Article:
Degree and Class Year
Job Title, Organization
What three words would you use to describe L&C?
Your Time at L&C
What made you want to come to Lewis & Clark?
I was always interested in moving to the Pacific Northwest for college. Having grown up in New Mexico, it kind of felt like the polar opposite in many ways—lush and temperate, and such a different history and feel to it. I also had a lot of friends that wound up in this area at a few different schools, so it felt like I already knew a lot of people here. When I visited the school I was struck by how beautiful the campus was, and loved my experience sitting in on classes. Originally I was interested in international affairs, and I remember hearing L&C had a really strong program (ironically, I never ended up taking an IA class!). I definitely wanted to go to a liberal arts school, and also really wanted some sort of experience of a larger city. Portland was just big enough to not totally overwhelm me. Finally, L&C offered a really generous financial aid package, and that was probably one of the most important factors. I can’t tell you how impactful it was not to come out of school with a mountain of debt.
How did you decide on your major?
I had a pretty classic liberal arts experience and didn’t decide until the last minute to be a studio art major. I think I took a class in almost every department (or at least every building) over the course of my four years. I started as a Russian major, then pondered sociology/anthropology, considered Hispanic studies, but I think secretly, deep down I always knew I would be an art major. It was the only thing that felt both natural and challenging. I could become totally engrossed in projects and had incredible faculty and facilities that supported us to dream big and learn new skills and concepts. L&C has always had a strong art department, and I think that majoring in studio art within a liberal arts school was the perfect fit for me, because I could branch out into so many other departments.
Describe the arts-related highlight(s) of each of your years on campus.
- First year: Becoming the Platteau darkroom coordinator and teaching my peers about photography, learning about the weird world of student clubs, and a transformative Sculpture I class with Professor Mike Rathbun.
- Second year: Starting to work as a gallery sitter in the on-campus Hoffman Gallery and interface with all the art and people that would visit. Learning about artists through the visiting artist lecture series hosted by the art department. Getting involved in [ o u t e r ] space gallery, a pop-up gallery that several of my peers started. Going to the Time-Based Art Festival in Portland.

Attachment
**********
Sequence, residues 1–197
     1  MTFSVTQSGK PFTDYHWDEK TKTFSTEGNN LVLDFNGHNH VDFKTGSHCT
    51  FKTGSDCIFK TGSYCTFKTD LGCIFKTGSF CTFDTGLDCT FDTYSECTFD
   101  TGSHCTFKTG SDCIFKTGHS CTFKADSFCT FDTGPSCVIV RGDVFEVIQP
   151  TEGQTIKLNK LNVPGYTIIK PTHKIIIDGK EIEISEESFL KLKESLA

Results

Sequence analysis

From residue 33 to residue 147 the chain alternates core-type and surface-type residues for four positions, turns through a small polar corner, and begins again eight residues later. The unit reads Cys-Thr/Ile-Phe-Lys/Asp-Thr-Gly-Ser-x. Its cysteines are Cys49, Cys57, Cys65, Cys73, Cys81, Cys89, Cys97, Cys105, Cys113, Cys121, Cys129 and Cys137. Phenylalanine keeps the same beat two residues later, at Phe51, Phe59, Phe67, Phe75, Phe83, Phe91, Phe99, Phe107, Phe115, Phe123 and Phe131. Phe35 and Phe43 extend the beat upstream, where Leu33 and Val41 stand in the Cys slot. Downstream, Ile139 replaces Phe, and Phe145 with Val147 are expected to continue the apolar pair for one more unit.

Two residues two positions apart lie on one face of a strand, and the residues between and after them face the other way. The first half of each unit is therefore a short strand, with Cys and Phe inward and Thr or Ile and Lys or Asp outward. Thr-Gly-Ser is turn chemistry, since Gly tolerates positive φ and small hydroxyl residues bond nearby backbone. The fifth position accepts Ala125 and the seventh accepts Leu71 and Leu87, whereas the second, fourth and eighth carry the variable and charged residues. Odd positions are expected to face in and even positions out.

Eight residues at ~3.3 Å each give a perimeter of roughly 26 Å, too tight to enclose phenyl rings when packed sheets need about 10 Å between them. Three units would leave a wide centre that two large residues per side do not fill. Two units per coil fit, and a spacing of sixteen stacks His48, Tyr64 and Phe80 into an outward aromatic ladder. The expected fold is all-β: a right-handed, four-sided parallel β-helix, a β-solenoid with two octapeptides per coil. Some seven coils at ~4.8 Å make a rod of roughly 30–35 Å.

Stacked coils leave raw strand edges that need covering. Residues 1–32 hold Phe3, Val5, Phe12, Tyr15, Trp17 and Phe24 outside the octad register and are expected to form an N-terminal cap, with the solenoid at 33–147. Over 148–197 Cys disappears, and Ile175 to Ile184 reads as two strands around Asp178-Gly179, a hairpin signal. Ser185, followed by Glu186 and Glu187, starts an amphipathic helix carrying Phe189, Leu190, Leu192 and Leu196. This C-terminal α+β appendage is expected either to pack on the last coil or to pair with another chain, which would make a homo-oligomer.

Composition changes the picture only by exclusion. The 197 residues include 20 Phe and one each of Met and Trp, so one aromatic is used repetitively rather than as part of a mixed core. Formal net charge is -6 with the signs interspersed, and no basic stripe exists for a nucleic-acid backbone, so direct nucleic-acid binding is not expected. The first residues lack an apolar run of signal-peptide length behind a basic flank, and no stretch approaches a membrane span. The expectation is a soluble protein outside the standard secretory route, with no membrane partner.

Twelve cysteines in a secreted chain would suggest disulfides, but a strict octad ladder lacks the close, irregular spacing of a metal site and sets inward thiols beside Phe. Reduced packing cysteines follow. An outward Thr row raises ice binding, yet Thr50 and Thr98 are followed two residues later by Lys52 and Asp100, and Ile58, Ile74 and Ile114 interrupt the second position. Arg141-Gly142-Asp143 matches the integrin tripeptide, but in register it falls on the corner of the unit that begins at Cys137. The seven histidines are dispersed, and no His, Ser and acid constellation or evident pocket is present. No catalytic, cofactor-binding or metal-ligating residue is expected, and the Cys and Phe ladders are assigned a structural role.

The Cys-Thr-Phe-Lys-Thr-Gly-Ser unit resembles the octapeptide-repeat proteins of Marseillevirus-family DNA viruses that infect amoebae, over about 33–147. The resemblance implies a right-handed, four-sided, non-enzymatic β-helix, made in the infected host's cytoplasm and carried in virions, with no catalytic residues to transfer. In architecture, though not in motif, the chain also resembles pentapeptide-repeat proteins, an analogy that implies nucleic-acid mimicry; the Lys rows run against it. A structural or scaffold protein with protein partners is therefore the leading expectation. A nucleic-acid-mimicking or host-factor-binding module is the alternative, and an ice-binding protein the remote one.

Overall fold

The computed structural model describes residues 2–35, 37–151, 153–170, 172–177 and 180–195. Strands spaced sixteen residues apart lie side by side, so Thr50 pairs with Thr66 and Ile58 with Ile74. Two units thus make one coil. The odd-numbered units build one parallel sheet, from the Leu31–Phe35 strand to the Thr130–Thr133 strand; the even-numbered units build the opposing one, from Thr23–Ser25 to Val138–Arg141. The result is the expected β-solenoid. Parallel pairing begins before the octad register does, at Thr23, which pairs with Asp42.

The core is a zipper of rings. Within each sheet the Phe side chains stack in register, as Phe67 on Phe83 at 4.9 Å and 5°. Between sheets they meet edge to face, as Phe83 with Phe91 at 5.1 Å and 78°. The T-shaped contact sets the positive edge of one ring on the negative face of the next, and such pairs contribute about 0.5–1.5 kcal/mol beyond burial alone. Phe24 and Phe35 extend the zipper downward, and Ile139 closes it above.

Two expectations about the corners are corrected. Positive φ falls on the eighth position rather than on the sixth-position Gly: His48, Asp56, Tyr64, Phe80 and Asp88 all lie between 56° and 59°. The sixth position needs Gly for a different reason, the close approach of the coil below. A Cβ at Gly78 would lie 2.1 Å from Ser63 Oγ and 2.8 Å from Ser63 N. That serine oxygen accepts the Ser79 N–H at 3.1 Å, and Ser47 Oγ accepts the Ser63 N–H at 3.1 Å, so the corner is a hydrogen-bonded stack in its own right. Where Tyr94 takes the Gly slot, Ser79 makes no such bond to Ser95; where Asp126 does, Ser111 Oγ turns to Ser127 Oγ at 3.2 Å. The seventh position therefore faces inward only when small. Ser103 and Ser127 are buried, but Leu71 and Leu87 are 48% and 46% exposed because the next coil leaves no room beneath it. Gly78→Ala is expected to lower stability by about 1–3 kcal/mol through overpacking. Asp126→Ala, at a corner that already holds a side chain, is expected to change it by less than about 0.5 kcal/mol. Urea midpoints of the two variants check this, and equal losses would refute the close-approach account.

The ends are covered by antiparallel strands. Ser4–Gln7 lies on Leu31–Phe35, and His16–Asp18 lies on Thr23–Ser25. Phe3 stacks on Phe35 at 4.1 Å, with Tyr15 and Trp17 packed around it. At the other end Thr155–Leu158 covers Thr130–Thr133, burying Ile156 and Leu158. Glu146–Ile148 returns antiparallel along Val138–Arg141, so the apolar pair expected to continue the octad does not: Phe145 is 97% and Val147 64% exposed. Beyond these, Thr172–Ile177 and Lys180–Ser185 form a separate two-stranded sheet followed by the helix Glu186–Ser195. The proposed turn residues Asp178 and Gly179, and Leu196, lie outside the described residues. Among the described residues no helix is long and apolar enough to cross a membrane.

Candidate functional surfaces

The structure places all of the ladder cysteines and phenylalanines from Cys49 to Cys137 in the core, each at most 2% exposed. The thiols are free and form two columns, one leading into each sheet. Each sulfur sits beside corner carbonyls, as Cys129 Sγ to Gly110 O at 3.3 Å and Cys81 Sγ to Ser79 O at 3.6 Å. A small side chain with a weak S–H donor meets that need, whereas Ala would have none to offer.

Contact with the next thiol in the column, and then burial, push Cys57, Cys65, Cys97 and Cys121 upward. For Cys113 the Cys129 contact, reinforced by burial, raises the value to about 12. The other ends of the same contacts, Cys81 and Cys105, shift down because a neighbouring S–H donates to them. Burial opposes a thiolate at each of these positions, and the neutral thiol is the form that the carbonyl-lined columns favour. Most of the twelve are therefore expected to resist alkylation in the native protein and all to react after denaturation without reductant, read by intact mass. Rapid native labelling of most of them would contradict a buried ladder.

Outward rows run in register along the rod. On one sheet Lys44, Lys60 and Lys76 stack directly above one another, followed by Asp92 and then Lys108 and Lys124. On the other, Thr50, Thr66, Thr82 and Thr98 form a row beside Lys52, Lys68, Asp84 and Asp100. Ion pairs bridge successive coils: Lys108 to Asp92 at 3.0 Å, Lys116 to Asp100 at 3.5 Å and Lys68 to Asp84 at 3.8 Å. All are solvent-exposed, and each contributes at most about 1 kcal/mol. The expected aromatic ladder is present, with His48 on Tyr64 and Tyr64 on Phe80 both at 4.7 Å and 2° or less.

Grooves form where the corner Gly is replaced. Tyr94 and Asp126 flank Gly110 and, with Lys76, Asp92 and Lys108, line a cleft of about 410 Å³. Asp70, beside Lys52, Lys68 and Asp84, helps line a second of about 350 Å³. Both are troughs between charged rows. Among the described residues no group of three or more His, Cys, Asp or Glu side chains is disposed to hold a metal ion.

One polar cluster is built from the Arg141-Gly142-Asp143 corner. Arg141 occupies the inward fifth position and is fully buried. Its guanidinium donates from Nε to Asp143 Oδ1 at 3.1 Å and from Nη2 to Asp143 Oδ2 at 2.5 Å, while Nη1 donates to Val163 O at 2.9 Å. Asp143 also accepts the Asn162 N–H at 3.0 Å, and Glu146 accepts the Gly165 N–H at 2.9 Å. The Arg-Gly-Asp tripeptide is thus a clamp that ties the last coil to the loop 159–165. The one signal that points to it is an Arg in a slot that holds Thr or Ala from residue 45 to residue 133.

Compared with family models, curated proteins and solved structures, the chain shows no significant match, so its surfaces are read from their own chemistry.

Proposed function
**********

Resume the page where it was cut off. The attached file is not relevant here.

- Third year: Participating in an alternative spring break trip to Cuba, ahead of the 11th Havana Biennial, where we got to meet with Cuban artists, and collaborate with Cuban art students who I remain close friends with to this day. Learning about all the funding and grant opportunities L&C offers to students for independent projects, and then applying for grants to start an art publication, fund my senior thesis, host events, invite artists to campus, and more!
- Fourth year: Interning and volunteering at arts organizations in Portland. Helping to cocurate the Gender Studies Symposium art show. And obviously creating my senior thesis and working with all my fellow classmates and Linda Tesner in the Hoffman Gallery to put our final show together.
What was your overall favorite arts-related class? Why?
There are probably two: Sculpture II with Professor Mike Rathbun and Curatorial Studies with Linda Tesner. Sculpture II was mostly centered around a single project called How sculpture learns where you pass an object around from student to student and continually add or subtract from or change it in order to create a new sculpture. It was like proto-sculpture memes—a deep dive into the visual language and power of sculpture through rapid iteration, maximum experimentation, and play. I learned so much from this single assignment, and it was exhausting as you had to have a new piece ready for each class for four or five weeks. Linda’s Curatorial Studies class was based around a series of field trips to meet with art professionals from every corner of the art world. It was eye opening to see all the ways in which people participated in making, curating, and caring for art, and it really bridged the work we were doing in class to the real world.
What was your overall favorite non-arts-related class? Why?